1. Opportunity for CPWF INNOVATION grant to implement a pilot community water management demonstration • Proposed & agreed 2. Opportunity for CIBA & CSSRI to collaborate in rice-aquaculture work in India • Proposed & agreed 2. Opportunities for co-ordination in water depth & salinity monitoring & soil salinity monitoring across the Gs • Proposed, agreed, planned & implemented 3. Opportunity for collaboration with CSISA in supporting 3 PhD scholars to work on cropping system intensification • Proposed, agreed & implemented 4. Opportunity for collaboration with CSISA in household survey work • Proposed, agreed & implemented 5. Opportunity for collaboration with FTFfish in evaluation of aquaculture & rice-aquaculture in saline areas • Proposed, agreed & implemented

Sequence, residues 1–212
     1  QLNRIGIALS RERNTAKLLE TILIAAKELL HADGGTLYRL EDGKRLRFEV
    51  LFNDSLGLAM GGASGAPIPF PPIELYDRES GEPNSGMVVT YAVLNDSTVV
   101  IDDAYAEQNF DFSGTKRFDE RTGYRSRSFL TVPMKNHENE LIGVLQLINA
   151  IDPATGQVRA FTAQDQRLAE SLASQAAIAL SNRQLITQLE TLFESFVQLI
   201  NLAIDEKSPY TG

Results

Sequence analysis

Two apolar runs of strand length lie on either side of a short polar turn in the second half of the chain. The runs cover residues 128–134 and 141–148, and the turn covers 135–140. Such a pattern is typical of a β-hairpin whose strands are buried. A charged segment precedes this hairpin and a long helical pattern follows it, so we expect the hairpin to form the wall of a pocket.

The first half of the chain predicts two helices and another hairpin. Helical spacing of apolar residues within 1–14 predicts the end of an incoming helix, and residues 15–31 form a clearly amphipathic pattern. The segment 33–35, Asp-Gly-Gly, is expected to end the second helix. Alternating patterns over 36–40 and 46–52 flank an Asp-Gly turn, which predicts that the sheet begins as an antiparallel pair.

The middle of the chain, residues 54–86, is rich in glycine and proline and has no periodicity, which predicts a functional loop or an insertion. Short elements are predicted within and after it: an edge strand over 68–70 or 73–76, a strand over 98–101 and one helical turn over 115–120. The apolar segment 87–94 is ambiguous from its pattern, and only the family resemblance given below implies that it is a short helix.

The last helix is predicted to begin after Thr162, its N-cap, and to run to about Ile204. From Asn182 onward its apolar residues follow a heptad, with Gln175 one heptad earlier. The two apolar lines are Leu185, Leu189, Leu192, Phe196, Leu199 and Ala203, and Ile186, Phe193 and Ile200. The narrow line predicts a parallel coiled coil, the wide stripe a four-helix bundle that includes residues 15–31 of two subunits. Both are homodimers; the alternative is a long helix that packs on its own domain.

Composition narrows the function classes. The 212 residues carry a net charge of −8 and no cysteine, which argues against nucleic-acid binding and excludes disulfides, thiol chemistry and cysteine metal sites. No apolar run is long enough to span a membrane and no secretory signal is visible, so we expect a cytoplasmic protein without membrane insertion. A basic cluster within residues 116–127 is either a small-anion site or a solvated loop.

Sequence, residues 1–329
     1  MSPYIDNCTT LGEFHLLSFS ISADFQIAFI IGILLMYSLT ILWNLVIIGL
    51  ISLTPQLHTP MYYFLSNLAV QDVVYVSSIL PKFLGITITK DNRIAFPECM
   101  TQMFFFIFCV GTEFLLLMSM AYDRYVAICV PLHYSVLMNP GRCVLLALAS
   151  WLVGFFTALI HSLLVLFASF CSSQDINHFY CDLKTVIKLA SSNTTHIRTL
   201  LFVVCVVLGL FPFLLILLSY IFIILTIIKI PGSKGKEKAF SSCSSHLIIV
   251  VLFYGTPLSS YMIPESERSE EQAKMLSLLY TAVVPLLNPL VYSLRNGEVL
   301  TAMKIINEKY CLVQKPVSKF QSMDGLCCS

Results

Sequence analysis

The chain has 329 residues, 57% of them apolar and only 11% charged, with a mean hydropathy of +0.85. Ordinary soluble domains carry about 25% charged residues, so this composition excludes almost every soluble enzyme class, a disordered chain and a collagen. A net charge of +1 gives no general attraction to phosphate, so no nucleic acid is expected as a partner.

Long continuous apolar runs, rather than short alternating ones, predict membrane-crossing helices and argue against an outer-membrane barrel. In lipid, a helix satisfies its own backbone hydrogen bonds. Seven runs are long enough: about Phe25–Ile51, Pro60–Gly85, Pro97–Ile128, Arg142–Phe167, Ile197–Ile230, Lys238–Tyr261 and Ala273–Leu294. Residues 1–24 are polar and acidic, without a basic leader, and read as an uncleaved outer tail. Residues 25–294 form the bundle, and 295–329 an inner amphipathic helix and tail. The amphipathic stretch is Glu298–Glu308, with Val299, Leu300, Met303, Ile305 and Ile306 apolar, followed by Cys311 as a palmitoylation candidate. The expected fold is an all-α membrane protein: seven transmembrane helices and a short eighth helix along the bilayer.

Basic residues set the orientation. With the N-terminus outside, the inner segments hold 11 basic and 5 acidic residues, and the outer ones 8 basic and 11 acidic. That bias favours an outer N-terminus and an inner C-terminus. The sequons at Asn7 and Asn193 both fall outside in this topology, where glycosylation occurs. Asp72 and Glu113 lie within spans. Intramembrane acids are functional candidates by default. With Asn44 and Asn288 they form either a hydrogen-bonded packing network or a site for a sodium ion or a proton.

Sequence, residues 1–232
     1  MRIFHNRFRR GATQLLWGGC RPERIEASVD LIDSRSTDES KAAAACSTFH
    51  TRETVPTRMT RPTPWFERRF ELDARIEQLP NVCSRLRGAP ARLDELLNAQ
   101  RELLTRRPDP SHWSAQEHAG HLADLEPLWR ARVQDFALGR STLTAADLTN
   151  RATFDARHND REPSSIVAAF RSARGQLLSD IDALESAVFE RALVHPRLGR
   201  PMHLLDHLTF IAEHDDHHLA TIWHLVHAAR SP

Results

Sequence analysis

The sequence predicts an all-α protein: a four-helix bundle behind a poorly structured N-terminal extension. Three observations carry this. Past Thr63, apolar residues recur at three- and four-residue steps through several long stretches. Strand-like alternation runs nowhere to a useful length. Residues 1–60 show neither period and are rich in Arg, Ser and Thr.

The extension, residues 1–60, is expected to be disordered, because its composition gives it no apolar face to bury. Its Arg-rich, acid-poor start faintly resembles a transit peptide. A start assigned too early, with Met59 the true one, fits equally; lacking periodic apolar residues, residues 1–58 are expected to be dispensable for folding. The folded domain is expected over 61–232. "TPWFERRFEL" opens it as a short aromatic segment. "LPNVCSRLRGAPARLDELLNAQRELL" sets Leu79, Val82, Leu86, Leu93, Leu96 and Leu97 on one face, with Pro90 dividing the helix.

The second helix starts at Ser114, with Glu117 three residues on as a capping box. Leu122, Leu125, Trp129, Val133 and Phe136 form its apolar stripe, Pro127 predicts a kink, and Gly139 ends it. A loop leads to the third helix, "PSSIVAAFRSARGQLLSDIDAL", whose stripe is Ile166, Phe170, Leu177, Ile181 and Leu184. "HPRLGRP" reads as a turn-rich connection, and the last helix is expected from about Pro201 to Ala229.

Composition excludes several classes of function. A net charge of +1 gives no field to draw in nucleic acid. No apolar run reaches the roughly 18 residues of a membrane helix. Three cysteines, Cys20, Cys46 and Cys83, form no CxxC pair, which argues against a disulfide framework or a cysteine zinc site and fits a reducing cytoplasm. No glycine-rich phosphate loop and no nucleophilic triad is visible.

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Plans for coming year
1. Build on what we have started (fantastic team, good experimental plans & initial progress) – we now have a good foundation 2. Implement community watershed management activity 3. Hope - for many things • Funding certainty & adequacy • No catastrophic weather events • Safe travel